My Ship Came In

My late father always joked he was waiting for his ship to come in. Good news. My ship has come in and it was filled with money. Let me explain.

As we get older, many of us have collected lots of “stuff.” I’ve often written about the late comedian George Carlin and his comedy routine about people’s obsession with holding on to items they will never use. He thought it amusing many of us have to rent storage lockers to keep all of our “stuff.” Well George, I got the last laugh.

Now I’m not talking about hoarding. At least I don’t think so. Being an academic, I liked to read newspapers cover-to-cover each day. I also subscribed to weekly magazines, and as part of my job, I had to read hundreds of books on the subjects I taught. For some reason, I hung on to a large number of these items. Again, I’m not talking hoarding.

Now, our storage locker did not look like this, but with some of our kids items sharing the space, much of it in cardboard boxes, the locker was getting a bit out of hand. Recently, for an entire week, wife Trisha and I went to our storage locker each morning for two hours. We carefully sorted through our “stuff” and gave much of it away, threw out a large amount, and kept the things we wanted to store. We put those items in large labeled stackable plastic bins. Our storage is now a thing of organized beauty.

The fact is, in retirement, Trisha and I really try to do the things we wrote about in our book and talk about in public presentations. One aspect of successful aging we talk about is freeing our minds and environment of useless clutter. We realized we had reached the point of feeling a bit guilty about not living up to our own recommendation. At least not 100%. 

Now to the part about my ship coming in. For some reason while sorting through our storage, I kept out a number of boxes of books and magazines. I was convinced they might be worth something. We then discovered a large book store in a nearby town that bought old books and magazines. Eureka!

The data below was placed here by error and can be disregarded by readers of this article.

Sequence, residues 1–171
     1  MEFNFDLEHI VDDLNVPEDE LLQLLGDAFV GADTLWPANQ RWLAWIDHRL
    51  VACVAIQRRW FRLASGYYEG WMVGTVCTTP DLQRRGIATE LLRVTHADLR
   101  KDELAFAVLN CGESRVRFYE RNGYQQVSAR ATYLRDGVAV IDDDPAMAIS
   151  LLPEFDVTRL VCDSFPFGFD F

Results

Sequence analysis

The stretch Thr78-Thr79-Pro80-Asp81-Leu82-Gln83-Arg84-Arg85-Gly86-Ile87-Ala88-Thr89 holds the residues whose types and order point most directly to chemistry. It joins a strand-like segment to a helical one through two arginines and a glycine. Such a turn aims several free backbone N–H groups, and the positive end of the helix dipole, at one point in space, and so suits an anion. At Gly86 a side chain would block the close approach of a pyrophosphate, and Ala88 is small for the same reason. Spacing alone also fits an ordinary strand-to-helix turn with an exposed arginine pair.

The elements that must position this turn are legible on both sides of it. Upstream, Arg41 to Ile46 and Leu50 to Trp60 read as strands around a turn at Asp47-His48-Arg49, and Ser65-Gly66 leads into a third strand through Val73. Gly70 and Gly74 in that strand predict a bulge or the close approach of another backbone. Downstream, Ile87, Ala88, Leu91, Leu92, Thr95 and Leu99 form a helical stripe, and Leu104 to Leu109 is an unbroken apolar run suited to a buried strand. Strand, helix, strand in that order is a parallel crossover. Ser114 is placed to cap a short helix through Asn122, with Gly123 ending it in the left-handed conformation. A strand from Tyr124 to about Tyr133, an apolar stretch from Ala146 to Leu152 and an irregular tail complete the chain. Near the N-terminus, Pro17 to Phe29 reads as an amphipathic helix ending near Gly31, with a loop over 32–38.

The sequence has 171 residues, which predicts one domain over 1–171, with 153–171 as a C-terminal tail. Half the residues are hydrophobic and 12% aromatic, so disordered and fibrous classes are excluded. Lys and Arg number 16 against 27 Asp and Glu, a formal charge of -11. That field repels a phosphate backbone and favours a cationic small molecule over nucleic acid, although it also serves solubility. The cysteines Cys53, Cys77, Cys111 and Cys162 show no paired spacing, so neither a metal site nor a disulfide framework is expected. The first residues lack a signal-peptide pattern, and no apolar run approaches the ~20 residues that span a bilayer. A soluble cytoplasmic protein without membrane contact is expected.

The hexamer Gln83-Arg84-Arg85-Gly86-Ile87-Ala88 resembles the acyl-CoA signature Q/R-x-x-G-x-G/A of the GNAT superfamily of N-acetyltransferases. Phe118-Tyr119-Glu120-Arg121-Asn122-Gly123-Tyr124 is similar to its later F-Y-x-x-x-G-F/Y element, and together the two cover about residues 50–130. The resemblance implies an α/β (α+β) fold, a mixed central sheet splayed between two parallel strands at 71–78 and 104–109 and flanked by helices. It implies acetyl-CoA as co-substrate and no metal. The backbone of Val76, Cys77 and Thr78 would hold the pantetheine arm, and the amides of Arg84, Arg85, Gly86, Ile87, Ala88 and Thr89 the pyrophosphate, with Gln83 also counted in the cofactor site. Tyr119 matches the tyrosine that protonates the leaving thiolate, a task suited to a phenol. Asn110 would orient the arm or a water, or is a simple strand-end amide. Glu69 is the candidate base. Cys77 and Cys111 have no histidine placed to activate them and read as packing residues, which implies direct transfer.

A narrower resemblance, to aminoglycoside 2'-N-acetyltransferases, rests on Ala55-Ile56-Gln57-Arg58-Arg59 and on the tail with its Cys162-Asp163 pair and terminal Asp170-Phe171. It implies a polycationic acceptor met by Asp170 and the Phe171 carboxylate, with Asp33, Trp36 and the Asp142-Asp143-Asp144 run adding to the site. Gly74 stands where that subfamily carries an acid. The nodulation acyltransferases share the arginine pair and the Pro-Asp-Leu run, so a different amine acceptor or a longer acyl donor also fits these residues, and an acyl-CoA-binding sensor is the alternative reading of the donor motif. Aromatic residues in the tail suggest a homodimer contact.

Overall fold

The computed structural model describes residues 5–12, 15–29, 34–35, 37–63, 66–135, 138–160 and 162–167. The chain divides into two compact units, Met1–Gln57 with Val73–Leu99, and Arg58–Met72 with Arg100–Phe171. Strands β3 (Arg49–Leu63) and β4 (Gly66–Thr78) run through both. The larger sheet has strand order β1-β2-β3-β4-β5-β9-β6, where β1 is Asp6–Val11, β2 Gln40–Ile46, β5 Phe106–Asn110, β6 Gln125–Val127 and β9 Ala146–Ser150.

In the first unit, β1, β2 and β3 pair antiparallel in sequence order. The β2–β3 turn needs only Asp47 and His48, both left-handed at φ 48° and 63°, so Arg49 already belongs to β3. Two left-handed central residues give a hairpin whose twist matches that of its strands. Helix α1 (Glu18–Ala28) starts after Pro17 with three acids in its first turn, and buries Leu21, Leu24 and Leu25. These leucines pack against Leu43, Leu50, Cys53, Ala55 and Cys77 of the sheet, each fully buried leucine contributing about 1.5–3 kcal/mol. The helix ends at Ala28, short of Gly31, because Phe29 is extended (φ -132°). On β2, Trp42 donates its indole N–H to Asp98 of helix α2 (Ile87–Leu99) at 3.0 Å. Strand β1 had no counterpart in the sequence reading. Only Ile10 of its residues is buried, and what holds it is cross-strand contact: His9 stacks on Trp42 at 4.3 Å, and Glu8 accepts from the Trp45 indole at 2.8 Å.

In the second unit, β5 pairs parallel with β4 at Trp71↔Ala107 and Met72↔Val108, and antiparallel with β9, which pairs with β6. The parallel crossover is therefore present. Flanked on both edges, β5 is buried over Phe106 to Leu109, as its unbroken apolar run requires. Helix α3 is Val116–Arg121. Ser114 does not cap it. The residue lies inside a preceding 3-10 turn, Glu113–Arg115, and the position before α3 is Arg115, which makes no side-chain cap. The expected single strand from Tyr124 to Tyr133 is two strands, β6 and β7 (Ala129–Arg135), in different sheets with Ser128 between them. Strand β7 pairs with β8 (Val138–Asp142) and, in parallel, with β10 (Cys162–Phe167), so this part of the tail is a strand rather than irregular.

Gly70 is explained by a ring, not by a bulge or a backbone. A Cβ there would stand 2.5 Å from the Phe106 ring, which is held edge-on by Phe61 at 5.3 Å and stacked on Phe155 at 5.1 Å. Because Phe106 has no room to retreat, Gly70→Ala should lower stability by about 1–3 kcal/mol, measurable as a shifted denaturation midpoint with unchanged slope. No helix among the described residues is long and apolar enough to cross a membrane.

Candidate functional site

After years of lugging these things around, one more time I loaded the heavy boxes and we were off. When we arrived at the store, we found the designated area clearly marked. Our excitement began to grow. It took two trips with a rolling book truck from my SUV. The process was made very clear. They would look through the items and then call my name over the loud-speaker. At that point they would make me a “cash offer.” I became a little concerned about leaving the store with so much cash, but it was worth the risk. We were told we could look around the store while we waited, but I was too excited and grabbed a chair to watch them go through my treasures.

After an hour of their investigation, carefully going through every single magazine and book, my name was called. I approached the desk with giddy anticipation. “Mr. Parker,” said the young man. “Yes,” I replied. “Today, we can offer you $2.”   

At last dad, my ship came in. By the way. On the way out of the plaza, I bought Trisha a coffee latte. $2.38.

We laughed all the way home.

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